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ven. 15 sept.

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Montréal

Minding your Brain: a day for patients and anyone curious about neurology

a day for patients and anyone curious about neurology

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Minding your Brain: a day for patients and anyone curious about neurology
Minding your Brain: a day for patients and anyone curious about neurology

Heure et lieu

15 sept. 2023, 19 h 00 – 16 sept. 2023, 19 h 00

Montréal, 1001 Pl. Jean-Paul-Riopelle, Montréal, QC H2Z 1H5, Canada

À propos de l'événement

About the event

Minding your Brain: A day-long event showcasing the best strategies and the latest science for patients, caregivers and anyone curious about neurology

Saturday, October 14

10:00am to 4:30pm

Palais des congrès,

5th floor, Rooms 520 AD and BE

The top experts in the province will share their best advice about maintaining brain health, facing challenges with resilience, and how groundbreaking treatments on the horizon will change the neurological care. Talks presented consecutively in English and French.

Patient support organizations will be on site to answer questions.

FREE event. Registration is required.

Schedule

MINDING YOUR BRAIN – ENGLISH SCHEDULE

Talks are presented consecutively in English and French in two separate rooms.

To consult the French schedule, click here.

To see the list of patient support organizations attending, click here.

10:00 - 10:05

Welcome English host

10:05 - 10:35

Gene therapy: a game changer for neurological treatment Recently Zolgensma made news as the world’s most expensive drug. Those headlines missed the most groundbreaking fact – it is a one-time treatment that works by replacing missing genetic code. It is also the first gene therapy approved for a neurological condition, a rare hereditary disease called spinal muscular atrophy affecting children and young adults. This talk will discuss how gene therapy works, and why it may offer hope for other neurological conditions.

Dr. Maryam Oskoui, Researcher, McGill University

10:45 - 11:15

Brain health 101: expert tips on keeping your brain fit

Surprisingly, brain performance starts to decline soon after it peaks in our 30s. But significant brain changes are still possible throughout the course of our life. Research has shown that simple lifestyle choices may influence the trajectory of our brain function at mid-life, when we are most concerned about it. We’ll discuss evidence-based strategies that may be helpful in keeping the brain healthy.

Dr. De Villers-Sidani, Neurologist, The Neuro

COFFEE BREAK

11:35 - 12:25

Cultivating resilience: simple strategies for patients and loved ones This talk will focus on how to better manage stress in patients and family when a neurological condition is present. This talk will address the four mental states most frequently encountered in facing stress along with simple, low-cost strategies to establish a healthy balance between them. Rachel Thibeault, Occupational Therapist, University of Ottawa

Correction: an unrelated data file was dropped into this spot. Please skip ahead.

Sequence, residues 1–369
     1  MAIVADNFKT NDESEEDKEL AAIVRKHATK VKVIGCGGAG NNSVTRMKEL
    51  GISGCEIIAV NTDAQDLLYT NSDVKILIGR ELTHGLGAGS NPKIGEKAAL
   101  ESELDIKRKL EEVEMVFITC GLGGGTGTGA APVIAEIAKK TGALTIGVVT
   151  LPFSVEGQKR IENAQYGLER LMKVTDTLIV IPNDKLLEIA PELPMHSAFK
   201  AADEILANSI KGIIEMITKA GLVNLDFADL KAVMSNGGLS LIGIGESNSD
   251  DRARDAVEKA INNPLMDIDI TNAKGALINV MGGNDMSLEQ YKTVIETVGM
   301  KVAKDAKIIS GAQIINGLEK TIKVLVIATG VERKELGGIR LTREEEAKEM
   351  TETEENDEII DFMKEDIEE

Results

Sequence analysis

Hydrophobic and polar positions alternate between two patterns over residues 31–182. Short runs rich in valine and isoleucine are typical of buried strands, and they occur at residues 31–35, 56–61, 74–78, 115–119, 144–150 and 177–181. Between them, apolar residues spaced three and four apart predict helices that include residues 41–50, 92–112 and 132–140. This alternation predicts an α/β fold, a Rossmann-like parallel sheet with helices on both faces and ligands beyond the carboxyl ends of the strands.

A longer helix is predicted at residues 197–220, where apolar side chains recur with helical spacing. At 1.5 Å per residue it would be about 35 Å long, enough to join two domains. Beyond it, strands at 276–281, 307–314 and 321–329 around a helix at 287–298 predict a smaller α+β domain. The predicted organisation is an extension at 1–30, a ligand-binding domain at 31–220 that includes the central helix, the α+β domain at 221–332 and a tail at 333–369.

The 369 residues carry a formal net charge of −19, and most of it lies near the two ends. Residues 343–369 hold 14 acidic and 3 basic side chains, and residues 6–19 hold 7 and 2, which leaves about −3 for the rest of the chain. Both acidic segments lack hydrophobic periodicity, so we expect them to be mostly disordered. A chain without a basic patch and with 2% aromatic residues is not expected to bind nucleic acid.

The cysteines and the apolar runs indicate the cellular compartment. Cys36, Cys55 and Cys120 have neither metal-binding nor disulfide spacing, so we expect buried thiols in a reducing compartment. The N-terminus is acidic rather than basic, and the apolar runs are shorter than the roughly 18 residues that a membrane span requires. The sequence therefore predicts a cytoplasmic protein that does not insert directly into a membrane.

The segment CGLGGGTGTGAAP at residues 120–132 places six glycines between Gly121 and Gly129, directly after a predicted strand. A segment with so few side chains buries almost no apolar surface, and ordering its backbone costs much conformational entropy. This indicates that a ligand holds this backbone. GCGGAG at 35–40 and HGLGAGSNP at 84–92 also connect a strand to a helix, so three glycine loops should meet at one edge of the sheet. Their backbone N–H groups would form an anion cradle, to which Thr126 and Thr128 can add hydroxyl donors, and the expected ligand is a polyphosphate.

LUNCH

13:30 - 13:35

Welcome back English host

13:35 - 14:05

Plugged in: How AI and implants will improve care for neurological disorders

Brain implants that deliver electrical stimulation to the nervous system have been used to treat neurological disorders, including deep-brain stimulation for Parkinson's disease and spinal cord stimulation for chronic pain. A new generation of implants is using artificial intelligence (AI) to decode brain activity in real-time and pinpoint stimulation more accurately. This talk will focus on the potential and limits of this new technology.

Dr. David Bergeron, Researcher, Université de Montréal

14:15 - 14:45

Beyond adapting: defining your path after a stroke at 22

Ten years on, a patient who had a stroke as a young adult reunites with the neurologist who took part in her care while still a resident. An intimate discussion on how a neurological condition can give shape to the course of a life and how one patient can impact a doctor’s journey. Charlotte Jacob Maguire in conversation with Dr. Karine Garneau, CHUM

COFFEE BREAK

15:05 - 15:35

Boogie on the brain: Recovering joy and mobility after a stroke through adapted dance   After a stroke, it's important to be active to stimulate brain plasticity and foster recovery. All forms of stimulation are important -- physical, cognitive, emotional. Using adapted dance as a rehabilitation tool stimulates different parts of the brain, and adds a playful element enjoyed by patients. We will discuss how this works and practice a few moves from our seats! Dr Céline Odier, CHUM presenting with UQAM dance professor, Lucie Beaudry

15:45 - 16:30

More than meditation: Mindfulness skills to navigate change

The need to readjust and reinvent ourselves is a constant as we age. This is particularly true for those facing neurological conditions, like ALS, Parkinson’s and MS. This session will demystify mindfulness and look at the ways that mind openness can provide a greater sense of control and acceptance in the face of loss and grief of all kinds.   Lana McGeary, Spiritual Care Counsellor, ALS Clinic, The Neuro

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